Reflection for the Month

From The Rectory . . 


‘Remember, remember the fifth of November’. As a child, Bonfire Night was one of the most exciting days of the year. I have vivid memories of going to a local farm where a huge bonfire was lit. There were baked potatoes and hot dogs and treacle toffee to eat. The fireworks were mesmerising, and sometime during the evening we got to play hide and seek in what seemed to be a huge house complete with attics. My dad was a member of Round Table, and they really, really knew how to run a good bonfire night party.

But there’s a lot more remembrance in November than Bonfire Night. We start with the Feast of All Saints on the first of the month, though we usually ‘translate’ (i.e. move) it to the nearest Sunday, this year, by coincidence the 5th. All Saints commemorates the great Christians that have lived before us, those we look up to for inspiration. Among my favourites are St Peter, because he kept getting it wrong, but kept on trying; St Benedict, who wrote a rule of monastic life; and Ignatius of Loyola, founder of the Jesuits who is brilliant on decision making and discernment.

The following day is the feast of All Souls, when we remember the more domestic saints, family members, friends and mentors, those who’ve been important in our lives. This feast is also often moved. So we held a memorial service at St Michael’s in late October, and remembered our loved ones through word, song and candle light.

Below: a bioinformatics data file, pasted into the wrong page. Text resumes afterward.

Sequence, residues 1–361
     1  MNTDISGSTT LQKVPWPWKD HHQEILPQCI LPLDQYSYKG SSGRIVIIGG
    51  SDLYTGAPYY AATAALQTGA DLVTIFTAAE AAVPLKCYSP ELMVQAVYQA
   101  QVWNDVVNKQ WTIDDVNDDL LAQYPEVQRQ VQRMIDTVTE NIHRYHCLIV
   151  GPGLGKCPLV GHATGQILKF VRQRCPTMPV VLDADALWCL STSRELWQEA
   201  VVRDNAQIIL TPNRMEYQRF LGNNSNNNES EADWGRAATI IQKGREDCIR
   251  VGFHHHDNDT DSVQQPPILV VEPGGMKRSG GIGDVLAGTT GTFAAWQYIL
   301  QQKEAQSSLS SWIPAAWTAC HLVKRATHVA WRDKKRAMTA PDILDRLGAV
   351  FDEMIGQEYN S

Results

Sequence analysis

Remembrance Sunday, when we remember all those who have died in wars, falls on 12 November this year. It’s always a bitter sweet occasion. We remember the courage and self-sacrifice of those who have died to protect our nation and our way of life, but we also mourn the need for war to solve international disputes, and we reflect on the ways of peace.

We conclude November with the Feast of Christ the King. And in the counter cultural world that Christians inhabit, our King wasn’t born in a palace, in pomp and majesty, but in a stable among domestic animals. He didn’t live in luxury, but tramped the dusty roads of Galilee, laying his head wherever there was room. He didn’t reign in great majesty, but was put to death in ignominy on the cross. However, that’s not the end, he rose again and now reigns at God’s right hand in glory. This is the King we follow, the Lord of all who loves absolutely everyone, but who has a particular place in his heart for the poor and the marginalised. 

Every blessing during this season of remembrance.                                         

Rev Penny